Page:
Do rats usually live in urban areas or wild areas?

Brown rats, the most common rats you'll come across, are generally found in more urban areas these days. We have cut down so much of their natural habitat, and we make so much mess, that they have been forced to move in with us, so to speak. In some cases, they have, quite literally, moved in with us – into our homes, usually in areas like the attic.

Usually measuring in at around 20-25cm long (not including the rat's tail), the humble rat is a species that will adapt and follow the best conditions. They are scavengers, so they will follow the smell of food, and they will also look for places that provide everything they need. They need warmth to shelter from the cold days and nights, and they also need somewhere they can easily run into when they are being chased or attacked by predators. They also need a source of water nearby, and food too, and a place to build a nest ... for the female rats, of course.

In your home, they are likely to be found in areas such as roof spaces, crawl spaces, and also attics. You may come across them in basements, attics, running across your kitchen floor, under your floorboards, in cavities deep in the walls, and much more. They only need a small hole, around the size of a quarter, in order to squeeze through. As you can imagine, that pretty much gives them the run of the roost.

They may live under sheds in your backyard, and they'll also love nesting in the grassy banks. Sewer systems are other common hiding spots, as are shipping ports, fish markets, and basically anywhere else that you'll find food. The smell of food is too enticing for these creatures to pass by.

The fact that rats surround us is our own fault, because we make food and shelter so accessible to them every day. If you protect your home, ensuring you inspect it and repair any damage, it will be wild-animal proof.

Go back to the Rats in the Attic home page.

People often ask why there are more rats in urban areas than in sparsely populated and rural areas. The answer is simple; there is more food for them and shelter in the urban areas than in rural areas and so they are naturally drawn to the cities and urban areas.

Although rats in the city have easy access to food and water, they still have a shorter lifespan when compared with wild rats because wild rats feed on natural food and fruits, which is healthier than what the city or urban rats get. 

The Norway and roof rat species are the common rats found in the city and are also the most prominent rat species found in North America, Asia, South America, and Africa.

These rats can be terrestrial or arboreal in nature and when they proliferate in urban cities, they easily build their nests in the walls, attics, and clumps of vegetation in your yard and so both structures and areas around your home are unsafe and penetrated by these rats. Norway rats are also able to build their nests under sidewalks and patios.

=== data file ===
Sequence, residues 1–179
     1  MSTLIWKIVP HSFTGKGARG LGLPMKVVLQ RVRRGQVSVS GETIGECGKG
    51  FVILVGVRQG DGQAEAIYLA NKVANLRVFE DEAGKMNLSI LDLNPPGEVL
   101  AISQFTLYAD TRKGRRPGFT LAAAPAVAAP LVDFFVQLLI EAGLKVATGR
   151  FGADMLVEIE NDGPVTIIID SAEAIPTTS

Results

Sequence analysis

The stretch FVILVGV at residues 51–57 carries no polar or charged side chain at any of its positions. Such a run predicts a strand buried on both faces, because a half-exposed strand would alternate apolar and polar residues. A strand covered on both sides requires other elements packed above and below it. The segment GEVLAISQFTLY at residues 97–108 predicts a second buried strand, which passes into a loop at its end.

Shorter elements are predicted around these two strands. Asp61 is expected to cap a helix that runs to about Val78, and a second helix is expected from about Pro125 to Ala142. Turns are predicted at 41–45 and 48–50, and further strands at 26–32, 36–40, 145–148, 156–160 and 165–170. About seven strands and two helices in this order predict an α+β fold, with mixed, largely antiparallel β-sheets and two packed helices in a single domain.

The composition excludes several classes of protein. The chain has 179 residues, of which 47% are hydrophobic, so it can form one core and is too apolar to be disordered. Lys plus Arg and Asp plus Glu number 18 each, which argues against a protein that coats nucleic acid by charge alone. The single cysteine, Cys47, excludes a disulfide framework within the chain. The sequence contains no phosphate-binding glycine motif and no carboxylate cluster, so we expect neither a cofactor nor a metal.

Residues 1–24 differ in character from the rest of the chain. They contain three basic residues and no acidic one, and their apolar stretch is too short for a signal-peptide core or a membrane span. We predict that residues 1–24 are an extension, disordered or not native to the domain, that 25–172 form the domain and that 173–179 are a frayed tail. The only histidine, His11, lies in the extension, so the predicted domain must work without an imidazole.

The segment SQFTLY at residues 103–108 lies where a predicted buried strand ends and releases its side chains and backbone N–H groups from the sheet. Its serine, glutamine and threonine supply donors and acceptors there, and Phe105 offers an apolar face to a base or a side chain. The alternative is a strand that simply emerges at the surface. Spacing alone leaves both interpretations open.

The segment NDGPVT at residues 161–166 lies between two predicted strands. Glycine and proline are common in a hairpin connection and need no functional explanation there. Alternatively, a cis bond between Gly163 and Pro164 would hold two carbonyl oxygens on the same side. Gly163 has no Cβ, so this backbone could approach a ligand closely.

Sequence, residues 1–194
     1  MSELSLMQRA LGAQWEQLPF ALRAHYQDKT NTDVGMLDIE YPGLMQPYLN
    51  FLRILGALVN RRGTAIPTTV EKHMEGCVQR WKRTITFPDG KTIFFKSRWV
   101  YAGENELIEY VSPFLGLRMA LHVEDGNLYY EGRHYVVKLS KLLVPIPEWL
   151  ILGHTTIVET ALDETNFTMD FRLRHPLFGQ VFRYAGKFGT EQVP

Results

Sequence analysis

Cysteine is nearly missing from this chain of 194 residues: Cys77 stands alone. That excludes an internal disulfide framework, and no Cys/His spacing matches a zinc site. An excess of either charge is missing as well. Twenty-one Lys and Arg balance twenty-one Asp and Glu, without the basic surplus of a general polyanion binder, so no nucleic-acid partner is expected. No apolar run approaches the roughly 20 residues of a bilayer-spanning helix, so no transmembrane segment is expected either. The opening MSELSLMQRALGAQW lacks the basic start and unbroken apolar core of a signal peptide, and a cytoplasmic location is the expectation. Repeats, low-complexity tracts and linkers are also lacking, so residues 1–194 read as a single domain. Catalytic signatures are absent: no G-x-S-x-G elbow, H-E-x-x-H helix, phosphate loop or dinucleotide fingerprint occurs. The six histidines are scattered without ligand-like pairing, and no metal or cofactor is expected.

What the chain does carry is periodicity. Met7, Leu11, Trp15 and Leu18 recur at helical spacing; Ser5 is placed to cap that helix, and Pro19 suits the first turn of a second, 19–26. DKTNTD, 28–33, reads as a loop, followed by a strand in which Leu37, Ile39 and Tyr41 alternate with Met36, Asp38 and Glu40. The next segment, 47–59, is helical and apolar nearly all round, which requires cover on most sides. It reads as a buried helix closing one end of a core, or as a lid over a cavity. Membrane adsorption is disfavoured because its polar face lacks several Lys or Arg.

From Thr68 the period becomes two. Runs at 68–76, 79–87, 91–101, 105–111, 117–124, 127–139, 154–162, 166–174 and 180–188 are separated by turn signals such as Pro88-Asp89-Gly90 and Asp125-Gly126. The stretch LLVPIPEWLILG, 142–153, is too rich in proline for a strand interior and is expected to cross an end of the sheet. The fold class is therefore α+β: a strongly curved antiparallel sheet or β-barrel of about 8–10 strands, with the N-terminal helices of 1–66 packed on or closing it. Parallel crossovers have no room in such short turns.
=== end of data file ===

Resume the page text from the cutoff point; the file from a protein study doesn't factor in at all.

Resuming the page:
Roof rats are arboreal and prefer to live on trees like Cypress and some elevated areas like roofs and attics. They are also very comfortable in eaves and attics where they depend on garbage and backyard waste for food.

Rats can feed on almost everything and their sharp teeth and claws help them to bite into anything they desire, making them really destructive especially if they live in your home. The rats that live in the wild live in tall grasses, shrubs, and honeysuckle.

The increased urbanization and development of areas that were previously forests and served as the home to these animals have reduced their natural food source and increased competition between animals and so rats leave the wild to come and co-habitat with humans.

The destructive nature of the feeding pattern of rats shows in the damage of wiring and plumbing systems, gnawed holes in walls, windows, and doors, and generally, their activities result in faulty home structures. Norway rat species also burrow through foundations that have grassy embankments and so they are more daring in damaging home structures than roof rats. They also spread diseases through their urine and feces and so they are health hazards and a threat to public health.

Another reason why you find more rats in urban areas than rural areas is that rats do not have adequate protection against predators in the wild. Rats are low on the food chain and have a lot of predators from larger rodents, to reptiles like snakes and birds, and so they are safer in urban areas because these predators are not as prominent.

Rats are found in both rural and urban areas but are more prominent in urban areas because the cities are more favorable to them. The city supports life and reproduction without predation and so rats love city life.